Multiple windows from the same application

Using the activities overview to start an application is very efficient. But trying to open a new window from an application already running only results in focusing on the open window. To create a new window, instead of simply hitting Enter to start the application, use Ctrl+Enter.

So for example, to start a second instance of the terminal using the application overview, Super + t e r + (Ctrl+Enter).

Then you can use Super+` to switch between windows of the same application.

As shown, GNOME Shell is a really powerful desktop environment when controlled from the keyboard. Learning to use these shortcuts and train your muscle memory to not use the mouse will give you a better user experience, and make you more productive when using GNOME. For other useful shortcuts, check out this page on the GNOME wiki.


Photo by 1AmFcS on Unsplash.

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3 cool productivity apps for Fedora 28

Productivity apps are especially popular on mobile devices. But when you sit down to do work, you’re often at a laptop or desktop computer. Let’s say you use a Fedora system for your platform. Can you find apps that help you get your work done? Of course! Read on for tips on apps to help you focus on your goals.

All these apps are available for free on your Fedora system. And they also respect your freedom. (Many also let you use existing services where you may have an account.)

FocusWriter

FocusWriter is simply a full screen word processor. The app makes you more productive because it covers everything else on your screen. When you use FocusWriter, you have nothing between you and your text. With this app at work, you can focus on your thoughts with fewer distractions.

Screenshot of FocusWriter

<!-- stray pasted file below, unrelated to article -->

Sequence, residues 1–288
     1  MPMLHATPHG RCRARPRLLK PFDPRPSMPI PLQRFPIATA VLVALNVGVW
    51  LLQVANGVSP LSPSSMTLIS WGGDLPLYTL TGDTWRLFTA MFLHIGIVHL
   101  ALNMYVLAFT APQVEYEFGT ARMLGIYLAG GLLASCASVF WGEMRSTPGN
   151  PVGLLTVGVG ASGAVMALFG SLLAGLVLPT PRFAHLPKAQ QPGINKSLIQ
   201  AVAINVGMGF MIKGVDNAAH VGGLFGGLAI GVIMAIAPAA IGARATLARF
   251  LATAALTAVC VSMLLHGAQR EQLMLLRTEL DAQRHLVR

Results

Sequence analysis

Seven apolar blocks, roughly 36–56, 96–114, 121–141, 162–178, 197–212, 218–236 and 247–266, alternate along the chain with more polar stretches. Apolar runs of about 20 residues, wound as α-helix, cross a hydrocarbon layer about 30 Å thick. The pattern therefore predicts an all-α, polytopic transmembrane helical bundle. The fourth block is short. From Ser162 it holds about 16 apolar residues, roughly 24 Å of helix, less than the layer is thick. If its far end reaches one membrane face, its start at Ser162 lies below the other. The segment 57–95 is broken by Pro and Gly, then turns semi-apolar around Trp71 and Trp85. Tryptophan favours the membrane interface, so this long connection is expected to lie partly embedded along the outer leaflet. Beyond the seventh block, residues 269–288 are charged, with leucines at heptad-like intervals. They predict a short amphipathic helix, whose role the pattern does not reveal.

FocusWriter lets you adjust fonts, colors, and theme to best suit your preferences. It also remembers your last document and location. This feature lets you jump right back into focusing on writing without delay.

To install FocusWriter, use the Software app in your Fedora Workstation. Or run this command in a terminal using sudo:

sudo dnf install focuswriter

GNOME ToDo

This unique app is designed, as you can guess, for the GNOME desktop environment. It’s a great fit for your Fedora Workstation for that reason. ToDo has a simple purpose: it lets you make lists of things you need to get done.

Screenshot from GNOME ToDo on Fedora 28

Using ToDo, you can prioritize and schedule deadlines for all your tasks. You can also build as many tasks lists as you want. ToDo has numerous extensions for useful functions to boost your productivity. These include GNOME Shell notifications, and list management with a todo.txt file. ToDo can even interface with a Todoist or Google account if you use one. It synchronizes tasks so you can share across your devices.

To install, search for ToDo in Software, or at the command line run:

sudo dnf install gnome-todo

Zanshin

If you are a KDE using productivity fan, you may enjoy Zanshin. This organizer helps you plan your actions across multiple projects. It has a full featured interface, and lets you browse across your various tasks to see what’s most important to do next.

Screenshot of Zanshin on Fedora 28

Zanshin is extremely keyboard friendly, so you can be efficient during hacking sessions. It also integrates across numerous KDE applications as well as the Plasma Desktop. You can use it inline with KMail, KOrganizer, and KRunner.

To install, run this command:

sudo dnf install zanshin

Photo by Cathryn Lavery on Unsplash.